When Lucy accepts a house-sitting job from the wealthy family for whom her mother is the maid, she expects a lazy summer filled with reading, time alone, and easy earnings. What she doesn't expect is for the guy next door to mistake her for anything other than the help — or to romance her to the point of falling head over heels.
But... While I loved the story, there was one point in the book where I really, really wanted to punch Lucy in the face for being a complete imbecile — and it wasn't because of the whole “I'm pretending to be someone I'm not” scenario.
Before Lucy really even knows Gabe, he's asking to come over to her place late at night, which has her immediately wondering just what he expects from her. Her reasoning for deciding he's perfectly safe? This “logic”:
"Okay, I'm being ridiculous. What is this guy going to do to me? He's gorgeous. He could have anyone he wants. He's just looking for an escape from his family."
Really? REALLY?!? So because he's gorgeous, he's harmless? Good-looking guys never hurt women? That should make it really easy to stay safe. Just avoid the ugly dudes, and crimes against women will cease to be a problem. Sure.
Judging Covers: The cover for the previous book in the series struck me as utterly boring, but this one didn't really strike me as anything. Does that mean I'm just used to the look now?
The Verdict: We met Gabe in Fair Game, and as Shep's best friend, he seemed like he could be a lot of fun, so I was interested in getting his story. Like Shep, he's loaded and as brought up in a world of privilege, but in In the Dark, we see just how limiting that world can be.
Gabe's parents are forcing him to do family time over the summer, so he and his sister are camped out in their luxury vacation home and trying to break the boredom. And it's not just that he's more interested in hanging out with his friends than with his family; it's that he's being dragged along for fancy dinners and black tie affairs and expected to make nice with whatever shallow young women are deemed suitable for someone in his ritzy social circle. So when he spots the gorgeous girl next door, and she turns out to be genuine and different than the girls he usually meets, he's immediately intrigued.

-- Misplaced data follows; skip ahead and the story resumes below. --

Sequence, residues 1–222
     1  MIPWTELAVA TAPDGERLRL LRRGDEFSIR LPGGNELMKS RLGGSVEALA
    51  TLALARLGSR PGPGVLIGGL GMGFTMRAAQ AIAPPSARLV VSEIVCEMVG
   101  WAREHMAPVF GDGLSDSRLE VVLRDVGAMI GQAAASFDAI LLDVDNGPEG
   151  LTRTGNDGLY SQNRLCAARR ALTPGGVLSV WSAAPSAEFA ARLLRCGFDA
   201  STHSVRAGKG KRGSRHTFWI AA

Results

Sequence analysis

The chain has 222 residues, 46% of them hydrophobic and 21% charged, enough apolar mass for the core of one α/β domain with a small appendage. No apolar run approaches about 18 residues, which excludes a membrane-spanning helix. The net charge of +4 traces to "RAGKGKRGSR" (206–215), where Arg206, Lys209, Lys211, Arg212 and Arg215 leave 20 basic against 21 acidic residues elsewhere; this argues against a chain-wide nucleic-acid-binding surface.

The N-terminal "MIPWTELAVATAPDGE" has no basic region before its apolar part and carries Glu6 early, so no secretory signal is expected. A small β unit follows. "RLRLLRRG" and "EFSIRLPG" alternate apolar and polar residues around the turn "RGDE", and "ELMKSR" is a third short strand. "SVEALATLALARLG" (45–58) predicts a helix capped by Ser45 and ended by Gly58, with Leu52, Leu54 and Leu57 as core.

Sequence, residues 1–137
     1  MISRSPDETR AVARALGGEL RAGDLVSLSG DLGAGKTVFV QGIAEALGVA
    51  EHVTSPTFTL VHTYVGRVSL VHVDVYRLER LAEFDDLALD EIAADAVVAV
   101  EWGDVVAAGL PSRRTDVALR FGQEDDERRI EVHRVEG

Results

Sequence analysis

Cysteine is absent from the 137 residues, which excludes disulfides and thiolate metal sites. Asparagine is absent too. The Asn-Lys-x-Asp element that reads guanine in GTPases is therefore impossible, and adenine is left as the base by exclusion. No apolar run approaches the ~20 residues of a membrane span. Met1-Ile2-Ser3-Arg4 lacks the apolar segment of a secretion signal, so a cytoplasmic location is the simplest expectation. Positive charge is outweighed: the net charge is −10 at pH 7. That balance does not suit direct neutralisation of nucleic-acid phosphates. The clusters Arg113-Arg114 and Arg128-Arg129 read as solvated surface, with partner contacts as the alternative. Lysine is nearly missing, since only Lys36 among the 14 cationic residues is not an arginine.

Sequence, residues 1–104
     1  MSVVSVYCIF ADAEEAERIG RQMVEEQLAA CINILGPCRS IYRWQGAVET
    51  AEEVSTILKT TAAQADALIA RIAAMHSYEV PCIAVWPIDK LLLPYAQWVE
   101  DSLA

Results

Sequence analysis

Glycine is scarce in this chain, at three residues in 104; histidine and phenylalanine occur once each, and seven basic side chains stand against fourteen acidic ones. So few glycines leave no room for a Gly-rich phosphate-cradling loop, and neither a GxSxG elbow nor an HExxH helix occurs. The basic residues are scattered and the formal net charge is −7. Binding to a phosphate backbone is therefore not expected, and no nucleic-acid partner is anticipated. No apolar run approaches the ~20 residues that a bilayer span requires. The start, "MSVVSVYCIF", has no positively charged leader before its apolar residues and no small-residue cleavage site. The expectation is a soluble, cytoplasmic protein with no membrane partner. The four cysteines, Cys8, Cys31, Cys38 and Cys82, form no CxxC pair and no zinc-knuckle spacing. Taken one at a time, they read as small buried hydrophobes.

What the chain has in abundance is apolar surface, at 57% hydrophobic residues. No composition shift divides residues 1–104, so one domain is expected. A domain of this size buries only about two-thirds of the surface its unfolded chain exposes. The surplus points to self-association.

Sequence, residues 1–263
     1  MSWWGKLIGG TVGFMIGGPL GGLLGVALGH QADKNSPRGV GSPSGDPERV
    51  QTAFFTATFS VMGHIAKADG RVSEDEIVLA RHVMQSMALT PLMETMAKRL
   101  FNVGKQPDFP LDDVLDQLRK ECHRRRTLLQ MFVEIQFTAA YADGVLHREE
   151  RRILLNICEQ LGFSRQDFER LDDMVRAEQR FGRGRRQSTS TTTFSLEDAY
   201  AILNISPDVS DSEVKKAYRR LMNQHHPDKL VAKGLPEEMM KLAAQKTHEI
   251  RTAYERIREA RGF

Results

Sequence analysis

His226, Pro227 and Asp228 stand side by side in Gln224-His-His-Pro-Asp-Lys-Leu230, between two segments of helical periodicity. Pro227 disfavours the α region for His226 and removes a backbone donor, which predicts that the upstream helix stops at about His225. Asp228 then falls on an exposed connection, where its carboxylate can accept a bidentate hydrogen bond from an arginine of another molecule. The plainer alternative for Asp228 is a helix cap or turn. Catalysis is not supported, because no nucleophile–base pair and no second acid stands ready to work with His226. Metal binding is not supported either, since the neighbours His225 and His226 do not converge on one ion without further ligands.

Lucy is used to getting by with virtually nothing. Born to a teenage mother who has since gone a little overboard in trying to keep Lucy from making the same mistakes she did, Lucy's life has been a series of struggles and going without. The house-sitting gig seems like easy money, and she doesn't really mean to pretend she's one of the wealthy people who live there, but since she'll probably never see Gabe again, she doesn't bother correcting him when he assumes she's just like him. But what starts out as a bit of innocent fun quickly grows into real feelings.
These two are absolutely perfect for each other, the very epitome of opposites attract. Lucy's thrifty, focused on her future, and used to working hard for everything she has. She's nothing like the girls Gabe usually finds, and everything about her personality (not to mention her looks) attracts him. Gabe, on the other hand, is used to having everything handed to him, but it doesn't mean he necessarily enjoys all the other trappings of wealthy society life. In fact, his rich boy issues have made him rather selfish and disconnected, but with Lucy, he finds something worth enjoying. Their chemistry is ridiculously hot and makes for some awesomely steamy scenes. But they also have fun together, and their teasing and banter kept me turning the pages as fast as I could drink in their story.
Of course, their summer fling is supposed to come to an end when summer does, but things don't quite work out that way once they discover they're attending the same college. And while Lucy certainly has feelings for Gabe, her insecurities have her running the opposite direction when she sees him. Surprisingly, Gabe was the one who fought to keep her from walking away, and I loved the way he just sort of threw caution to the wind and gave her a chase. But Lucy isn't exactly who she's allowed Gabe to assume she is, and when the truth comes out, the timing couldn't be worse. I don't want to give anything away, but I will say that while I expected that rather standard turn in the plot, I did not expect it to play out quite the way it did. In the Dark, for all its standard romance novel direction, surprised me, both with the depth of the characters and their realistic reactions to things. Things didn't feel like they happened just for drama's sake or to advance the story but rather because that's how people of that age in that situation would truly react. And of course, since the characters were so great, it was impossible not to root for them. Gabe and Lucy's story is a pretty classic romance trope, but it's also fresh and believable.